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- If you don’t qualify for a conventional or government-backed mortgage, a portfolio loan may be an option.
- Portfolio loans may have looser standards for credit scores, DTI ratios, or maximum loan amounts.
- However, portfolio lenders may charge more because they take on more risk than traditional lenders.
Atypical buyers, such as real estate investors, may be interested in portfolio loans. Unlike conventional mortgages that are resold in the secondary market, lenders create and maintain portfolio loans themselves, which affects the process for borrowers.
Portfolio loans can be more flexible with lower underwriting standards. However, they can also incur higher fees and interest. Here’s how portfolio loans work, who should consider one, and potential pros and cons to consider.
What is a portfolio loan?
Many mortgages are sold on the secondary market to government sponsored enterprises (GSEs), including Freddie Mac and Fannie Mae. They buy conventional mortgages from lenders to create more liquidity, stability and affordability in the housing market.
Therefore, conventional loans must meet strict requirements regarding the borrower’s credit score and debt-to-income ratio (DTI), as well as minimum down payment. The same goes for loans backed by the Federal Housing Administration (FHA) or the Department of Veterans Affairs (VA).
A portfolio loan is a mortgage issued by a bank that keeps the loan on its balance sheet (that is, in its own portfolio) rather than selling it, says Mason Whitehead, branch manager at Churchill Mortgage in Dallas.
When issuing a portfolio loan, a lender does not necessarily have to meet the same eligibility criteria as when issuing a conventional loan, which can provide borrowers with more flexibility.
At the same time, it can be riskier for the lender, causing them to charge more interest, as well as higher fees than a conventional loan.
How does a portfolio loan work?
Portfolio loans are not entirely different from conventional mortgages from the borrower’s perspective. Both types of home loans involve borrowing a sum of money from a lender that you repay over time. The lender and borrower agree on terms such as interest rates, fees, and repayment. The big difference is how the lender rates you, the borrower, during the underwriting process.
A classic loan comes from a private lender. Often the lender will consider selling the mortgage to a government-sponsored entity like Fannie Mae or Freddie Mac, which means they must follow specific lending guidelines regarding credit scores, DTI ratios, and down payments. and requires detailed financial documentation.
A portfolio lender is not required to follow these guidelines, as the loan remains on its own balance sheet. Lenders can set their own qualification guidelines and the minimum or maximum amount you can borrow, the interest rate they charge, etc. A portfolio loan may offer you customized terms, such as semi-monthly payments.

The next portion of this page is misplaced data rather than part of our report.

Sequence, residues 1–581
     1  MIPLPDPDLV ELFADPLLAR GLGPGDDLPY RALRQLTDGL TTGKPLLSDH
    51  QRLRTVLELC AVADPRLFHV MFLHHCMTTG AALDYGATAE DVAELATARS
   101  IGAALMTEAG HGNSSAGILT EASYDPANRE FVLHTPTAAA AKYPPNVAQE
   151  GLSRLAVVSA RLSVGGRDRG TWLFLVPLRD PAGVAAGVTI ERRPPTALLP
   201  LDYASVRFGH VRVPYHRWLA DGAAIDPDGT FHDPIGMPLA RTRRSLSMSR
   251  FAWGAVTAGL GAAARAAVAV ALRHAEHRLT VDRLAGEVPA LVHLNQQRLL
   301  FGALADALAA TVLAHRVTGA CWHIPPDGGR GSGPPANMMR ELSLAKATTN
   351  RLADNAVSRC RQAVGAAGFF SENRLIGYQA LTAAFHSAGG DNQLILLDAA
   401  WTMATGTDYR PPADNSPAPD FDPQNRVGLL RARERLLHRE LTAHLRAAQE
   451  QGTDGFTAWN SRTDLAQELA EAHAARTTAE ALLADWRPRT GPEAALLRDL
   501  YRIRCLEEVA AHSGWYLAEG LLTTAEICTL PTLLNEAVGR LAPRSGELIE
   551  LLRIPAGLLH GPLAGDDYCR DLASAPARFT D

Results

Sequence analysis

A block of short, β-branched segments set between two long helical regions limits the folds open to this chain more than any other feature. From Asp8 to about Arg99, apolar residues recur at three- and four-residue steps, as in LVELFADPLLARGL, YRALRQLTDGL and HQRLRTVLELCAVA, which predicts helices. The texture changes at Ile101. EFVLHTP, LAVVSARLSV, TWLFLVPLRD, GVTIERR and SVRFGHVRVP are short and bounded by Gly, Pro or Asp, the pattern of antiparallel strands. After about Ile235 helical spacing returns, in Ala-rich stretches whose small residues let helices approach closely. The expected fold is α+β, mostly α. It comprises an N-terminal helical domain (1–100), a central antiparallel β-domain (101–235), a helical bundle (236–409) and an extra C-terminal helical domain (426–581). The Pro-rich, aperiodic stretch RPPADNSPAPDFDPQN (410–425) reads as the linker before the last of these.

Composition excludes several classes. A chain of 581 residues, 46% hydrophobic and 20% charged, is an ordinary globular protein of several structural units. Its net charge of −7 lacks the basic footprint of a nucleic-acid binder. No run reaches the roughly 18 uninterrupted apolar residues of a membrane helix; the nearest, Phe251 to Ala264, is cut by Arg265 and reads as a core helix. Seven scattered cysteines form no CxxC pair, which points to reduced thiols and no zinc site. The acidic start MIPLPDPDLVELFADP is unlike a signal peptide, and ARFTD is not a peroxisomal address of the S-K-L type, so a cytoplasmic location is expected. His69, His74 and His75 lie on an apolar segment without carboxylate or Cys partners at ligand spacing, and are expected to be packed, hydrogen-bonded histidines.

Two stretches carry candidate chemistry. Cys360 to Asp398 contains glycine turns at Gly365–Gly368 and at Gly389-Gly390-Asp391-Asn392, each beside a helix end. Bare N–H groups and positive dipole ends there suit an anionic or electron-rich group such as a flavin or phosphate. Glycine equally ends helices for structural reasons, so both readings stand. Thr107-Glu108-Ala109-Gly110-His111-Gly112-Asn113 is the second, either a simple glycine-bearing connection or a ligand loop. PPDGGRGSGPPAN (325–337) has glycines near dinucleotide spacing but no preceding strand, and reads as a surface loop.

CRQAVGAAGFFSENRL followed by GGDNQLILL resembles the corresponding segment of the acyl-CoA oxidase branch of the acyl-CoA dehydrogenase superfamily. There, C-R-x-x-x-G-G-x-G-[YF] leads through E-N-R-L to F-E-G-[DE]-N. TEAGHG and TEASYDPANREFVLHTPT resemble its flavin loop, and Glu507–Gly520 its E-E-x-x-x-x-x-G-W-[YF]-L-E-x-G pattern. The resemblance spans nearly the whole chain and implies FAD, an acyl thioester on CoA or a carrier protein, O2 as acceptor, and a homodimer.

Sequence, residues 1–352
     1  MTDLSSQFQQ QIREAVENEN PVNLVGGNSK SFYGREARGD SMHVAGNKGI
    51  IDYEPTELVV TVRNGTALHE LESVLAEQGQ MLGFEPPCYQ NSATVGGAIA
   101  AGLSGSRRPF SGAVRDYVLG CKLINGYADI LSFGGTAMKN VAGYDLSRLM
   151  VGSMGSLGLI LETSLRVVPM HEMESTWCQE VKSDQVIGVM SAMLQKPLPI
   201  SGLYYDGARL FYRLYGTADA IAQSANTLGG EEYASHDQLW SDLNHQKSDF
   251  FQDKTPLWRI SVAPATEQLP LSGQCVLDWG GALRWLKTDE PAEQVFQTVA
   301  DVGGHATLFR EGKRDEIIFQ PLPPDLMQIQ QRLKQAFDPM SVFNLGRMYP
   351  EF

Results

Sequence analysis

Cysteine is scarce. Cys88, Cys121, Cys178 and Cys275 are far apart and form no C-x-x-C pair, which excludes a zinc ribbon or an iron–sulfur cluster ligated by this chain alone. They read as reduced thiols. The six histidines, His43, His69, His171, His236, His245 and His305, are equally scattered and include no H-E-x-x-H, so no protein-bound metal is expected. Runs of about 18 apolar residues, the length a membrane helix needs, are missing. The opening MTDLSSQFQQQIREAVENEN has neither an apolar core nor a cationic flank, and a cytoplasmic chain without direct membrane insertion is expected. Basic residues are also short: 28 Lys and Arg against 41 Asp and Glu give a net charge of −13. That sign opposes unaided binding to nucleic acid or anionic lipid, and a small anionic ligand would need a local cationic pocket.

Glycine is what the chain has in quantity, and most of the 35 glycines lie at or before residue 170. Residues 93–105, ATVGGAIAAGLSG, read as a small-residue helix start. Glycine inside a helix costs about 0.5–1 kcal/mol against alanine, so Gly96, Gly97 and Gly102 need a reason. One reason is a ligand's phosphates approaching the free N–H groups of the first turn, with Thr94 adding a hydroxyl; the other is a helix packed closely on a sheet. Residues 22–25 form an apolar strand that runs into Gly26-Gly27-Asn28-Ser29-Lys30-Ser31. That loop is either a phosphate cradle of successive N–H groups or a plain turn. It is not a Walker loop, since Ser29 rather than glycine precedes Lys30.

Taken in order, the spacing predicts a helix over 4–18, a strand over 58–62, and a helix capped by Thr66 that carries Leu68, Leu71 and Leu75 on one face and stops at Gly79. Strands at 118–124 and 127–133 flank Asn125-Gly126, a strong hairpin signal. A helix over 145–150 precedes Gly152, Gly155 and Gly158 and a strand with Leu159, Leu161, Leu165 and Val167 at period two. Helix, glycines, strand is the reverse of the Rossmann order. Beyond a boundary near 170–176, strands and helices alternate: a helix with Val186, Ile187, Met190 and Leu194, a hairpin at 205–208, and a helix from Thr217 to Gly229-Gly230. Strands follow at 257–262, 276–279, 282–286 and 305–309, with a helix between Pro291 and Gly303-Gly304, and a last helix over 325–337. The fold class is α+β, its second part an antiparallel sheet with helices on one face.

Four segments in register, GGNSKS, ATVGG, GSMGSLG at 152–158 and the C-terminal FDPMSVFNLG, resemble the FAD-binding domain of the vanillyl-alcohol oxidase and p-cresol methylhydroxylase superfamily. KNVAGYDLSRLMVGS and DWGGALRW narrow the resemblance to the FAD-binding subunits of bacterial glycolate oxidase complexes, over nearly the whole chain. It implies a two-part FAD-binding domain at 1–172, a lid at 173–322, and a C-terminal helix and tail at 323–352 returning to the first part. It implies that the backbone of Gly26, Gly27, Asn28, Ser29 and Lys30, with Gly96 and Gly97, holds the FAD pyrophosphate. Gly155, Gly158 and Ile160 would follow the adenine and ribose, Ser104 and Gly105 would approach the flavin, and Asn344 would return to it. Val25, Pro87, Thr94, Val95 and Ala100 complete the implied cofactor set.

This makes portfolio loans more attractive to some borrowers, such as those who don’t have excellent credit or proof of stable income. “An example of this might be a borrower who has been self-employed for less than two years but has strong business and cash flow,” Whitehead said.
It is also possible that a borrower does not enjoy more relaxed requirements or flexibility in terms of loan terms with a portfolio loan than with a conventional loan. Some portfolio lenders may still apply strict standards in order to protect themselves and ensure that they will make sufficient profit from these loans.
In fact, there could be a substantial compromise. Portfolio lenders may set higher interest rates and higher minimum down payments, and may charge additional fees that are not common with conventional lenders.
Advantages and disadvantages of a portfolio loan
As with any type of mortgage, a portfolio loan has its pros and cons. For some types of borrowers, a portfolio loan may be the best or only option. Here are the main advantages and disadvantages:
How to qualify for a portfolio loan
If you’re interested in a portfolio loan, you’ll likely need to research mortgage lenders that offer them, such as local banks and credit unions, as well as online lenders.
Once you’ve located the lenders that are set up to provide portfolio loans, learn about their application process and specific requirements.
Portfolio loans are not for everyone. But some types of borrowers may want to take a closer look at portfolio loans. Since these lenders can choose their own criteria, you may be able to get a portfolio loan even in the following circumstances:
- You have a poor credit score or a limited credit history
- You have a high debt ratio
- You are self-employed with limited proof of income
- You are a non-resident alien
- You are looking to buy a property to renovate
- Looking to buy a property that is priced above lending limits
Since portfolio lenders generally do not limit the number of properties you can purchase or require a certain condition of ownership, investors can benefit from portfolio loans. This can make it easier to finance the purchase of a repairman, for example, or multiple properties if you are looking to become a homeowner.
However, since borrower requirements can vary from lender to lender, it is usually best to ask several individual lenders for their specific guidelines.
The bottom line
For borrowers who don’t qualify for most conventional mortgages or those under the FHA or VA umbrella, a portfolio loan can be an attractive alternative.
But remember that just because you qualify for a portfolio loan doesn’t mean it’s the best option for your situation. Be sure to assess the total costs associated with the loan, such as interest charges and any prepayment fees or penalties.
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